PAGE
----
On June 19th, CFPB Director Richard Cordray defended the Bureau’s Qualified Mortgage (QM) rule, saying that he expects the difference in interest costs between QM and non-QM mortgage loans to be no more than 10 basis points. Cordray agreed with recent analysis from Moody’s Analytics suggesting that non-QM loans will only make up about $20 billion of the $1.25 trillion mortgage market. In addition, Cordray predicted that potential additional revisions to the new mortgage rules would not delay implementation, and institutions remain expected to begin complying with the rules when they come into effect in January 2014.
Chamber Letter Questions CFPB’s Data Collection Authority
In a June 19th letter sent to Director Cordray, the Chamber of Commerce outlined concerns that the CFPB could be violating the Dodd-Frank law which requires the Bureau to issue an order or rule before collecting data from consumers. The letter explains that the Bureau has done neither and notes that it is also unclear whether the CFPB has put in place safeguards against collecting personally identifiable information. The CFPB has previously addressed these concerns with Ranking Member of the Banking Committee Mike Crapo (R-ID), who requested additional details on information collected during supervision. A Bureau spokesperson responded the Chamber’s letter, saying “existing data-gathering activities are authorized by the Dodd-Frank Act and do not require additional rulemaking.” The concern about data collection was made more relevant by the announcement of the Supreme Court’s ruling inAmerican Express vs. Italian Colors Restaurant, where the Court upheld the right for pre-dispute arbitration clauses in commercial financial services agreements, because the CFPB has proposed conducting a nationwide telephone survey of 1,000 credit card consumers in order to learn more about consumers’ knowledge and perceptions of arbitration agreements, potentially a precursor to a rulemaking that would prohibit mandatory arbitration agreements.
Payday Lending Group Challenges Methodology of CFPB Study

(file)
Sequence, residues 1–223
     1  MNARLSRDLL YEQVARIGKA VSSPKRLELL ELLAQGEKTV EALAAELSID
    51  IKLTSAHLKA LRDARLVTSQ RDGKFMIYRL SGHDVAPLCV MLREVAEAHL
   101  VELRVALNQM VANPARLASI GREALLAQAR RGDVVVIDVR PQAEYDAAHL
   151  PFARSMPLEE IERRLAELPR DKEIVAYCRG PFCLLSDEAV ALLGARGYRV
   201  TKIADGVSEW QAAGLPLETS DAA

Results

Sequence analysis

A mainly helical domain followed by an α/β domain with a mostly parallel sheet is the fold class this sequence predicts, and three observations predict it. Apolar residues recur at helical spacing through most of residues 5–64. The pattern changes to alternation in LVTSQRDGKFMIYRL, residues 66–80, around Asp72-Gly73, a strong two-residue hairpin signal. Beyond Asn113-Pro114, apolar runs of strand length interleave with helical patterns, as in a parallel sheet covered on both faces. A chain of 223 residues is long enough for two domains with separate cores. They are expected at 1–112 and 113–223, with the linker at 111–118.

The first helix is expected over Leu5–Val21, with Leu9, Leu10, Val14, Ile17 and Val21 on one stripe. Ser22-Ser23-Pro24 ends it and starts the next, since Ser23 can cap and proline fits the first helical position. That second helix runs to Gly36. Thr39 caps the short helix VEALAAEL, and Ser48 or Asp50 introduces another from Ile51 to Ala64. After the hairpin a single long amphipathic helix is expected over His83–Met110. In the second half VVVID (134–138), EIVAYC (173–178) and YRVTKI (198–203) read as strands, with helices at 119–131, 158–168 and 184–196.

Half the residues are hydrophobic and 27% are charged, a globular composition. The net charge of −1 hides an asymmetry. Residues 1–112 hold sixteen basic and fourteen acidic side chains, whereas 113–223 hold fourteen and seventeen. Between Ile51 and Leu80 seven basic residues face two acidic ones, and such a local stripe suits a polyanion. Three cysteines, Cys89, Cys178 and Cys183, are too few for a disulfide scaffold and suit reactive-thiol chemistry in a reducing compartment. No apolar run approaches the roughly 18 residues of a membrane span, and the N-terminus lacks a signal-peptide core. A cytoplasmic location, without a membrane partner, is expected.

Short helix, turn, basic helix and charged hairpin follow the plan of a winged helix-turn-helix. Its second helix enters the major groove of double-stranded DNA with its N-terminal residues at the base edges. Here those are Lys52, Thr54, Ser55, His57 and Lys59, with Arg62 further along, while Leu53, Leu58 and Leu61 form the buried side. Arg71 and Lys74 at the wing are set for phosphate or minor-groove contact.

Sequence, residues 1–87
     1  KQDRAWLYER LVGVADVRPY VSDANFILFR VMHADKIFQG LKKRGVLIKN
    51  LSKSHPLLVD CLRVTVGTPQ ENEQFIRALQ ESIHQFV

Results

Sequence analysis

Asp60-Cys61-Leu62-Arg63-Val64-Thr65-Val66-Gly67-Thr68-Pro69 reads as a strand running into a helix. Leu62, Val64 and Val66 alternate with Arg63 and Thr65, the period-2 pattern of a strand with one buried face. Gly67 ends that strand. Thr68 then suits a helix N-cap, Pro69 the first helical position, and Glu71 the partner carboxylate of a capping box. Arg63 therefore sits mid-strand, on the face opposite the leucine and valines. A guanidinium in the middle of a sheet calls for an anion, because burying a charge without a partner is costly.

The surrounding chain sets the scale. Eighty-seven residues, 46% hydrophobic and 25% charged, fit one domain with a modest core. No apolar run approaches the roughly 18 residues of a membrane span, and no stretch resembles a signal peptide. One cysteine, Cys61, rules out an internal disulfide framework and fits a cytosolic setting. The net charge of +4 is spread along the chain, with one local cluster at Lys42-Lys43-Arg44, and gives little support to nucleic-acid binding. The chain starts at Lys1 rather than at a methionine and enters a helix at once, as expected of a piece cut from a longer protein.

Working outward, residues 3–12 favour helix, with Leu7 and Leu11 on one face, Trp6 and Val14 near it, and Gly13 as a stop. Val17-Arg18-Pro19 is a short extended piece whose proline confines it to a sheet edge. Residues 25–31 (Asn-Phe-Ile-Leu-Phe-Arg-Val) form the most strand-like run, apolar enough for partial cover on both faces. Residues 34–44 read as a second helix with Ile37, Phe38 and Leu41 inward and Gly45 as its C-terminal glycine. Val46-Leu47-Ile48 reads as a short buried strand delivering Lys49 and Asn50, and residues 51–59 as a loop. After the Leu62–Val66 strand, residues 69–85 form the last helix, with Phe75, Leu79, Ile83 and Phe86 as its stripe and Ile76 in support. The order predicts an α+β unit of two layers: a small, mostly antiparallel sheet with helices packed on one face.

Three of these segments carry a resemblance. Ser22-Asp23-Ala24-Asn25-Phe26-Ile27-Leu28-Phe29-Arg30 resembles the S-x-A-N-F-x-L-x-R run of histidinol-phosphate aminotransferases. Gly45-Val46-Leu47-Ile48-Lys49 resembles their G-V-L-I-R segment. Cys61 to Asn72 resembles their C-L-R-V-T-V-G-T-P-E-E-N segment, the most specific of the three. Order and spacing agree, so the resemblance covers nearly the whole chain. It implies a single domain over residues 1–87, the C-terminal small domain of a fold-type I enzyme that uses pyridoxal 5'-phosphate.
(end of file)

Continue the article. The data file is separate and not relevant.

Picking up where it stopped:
On June 21st, the Community Financial Services Association of America, a payday lending organization, released a petition requesting the CFPB retract its study of their industry. The Bureau’sstudy posited that payday and deposit advance loans are characterized by loose lending standards, high costs, and risky loan structures may contribute to the sustained use and indebtedness. CFSA has challenged data used by the Bureau, saying that the errors were so egregious that “that corrections alone are inadequate, and withdrawal of the white paper is the only appropriate remedy.”
Chilton Calls for Clear Standard for Cross-Border “Principal Place of Business”
In a speech on June 18th, CFTC Commissioner Bart Chilton addressed issues related to the term “principal place of business” associated with cross-border derivatives rules. In a speech earlier in the month, Chairman Gensler noted that, for cross-border trades, Dodd-Frank rules cover hedge funds and other collective investment vehicles that operate offshore but that are majority-owned by U.S. individuals or that are primarily based in this the U.S. Chilton said that the Commission needs to give a “clear interpretation” of what it means to have a “principal place of business” in the context of this rule, such as where a firm’s head office is and where executives and trading managers are located., saying a P.O. Box will not “cut it as a principal place of business.” In addition, Chilton reiterated his desire for cross-border rules to be phased in.
GAO Asks IRS to Issue Informal Guidance on Tax Compliance Related to Virtual Transactions
On June 17th, the GAO released a report examining tax compliance issues posed by virtual economies and currencies, such as Bitcoin. The report, originally commissioned by the Senate Finance Committee, found that virtual systems represent a real tax compliance risk because taxpayers can exchange virtual goods or currencies for real-world items in transactions that may have tax implications. However, as most taxpayers are unaware when, and to what extent, they have tax liabilities related to virtual transactions, the GAO report recommends the IRS issue an informal guidance on the associated reporting requirements.
On Tuesday, June 25th at 10am in 538 Dirksen, the Senate Banking, Housing and Urban Affairs Committee will hold a hearing titled “Private Student Loans: Regulatory Perspectives.”
On Wednesday, June 26th at 10am, in G-50 Dirksen, the Joint Economic Committee will hold a hearing titled “Reducing Unnecessary and Costly Red Tape through Smarter Regulations.”
On Wednesday, June 26th at 10am in 2128 Rayburn, the House Financial Services Committee will hold a hearing on “Too Big to Fail” banks and their treatment from the Federal Reserve Bank.
On Wednesday, June 26th at 2pm in 2128 Rayburn, the Housing and Insurance Subcommittee of House Financial Services Committee will hold a hearing to examine the Department of Housing and Urban Development’s Moving-to-Work program.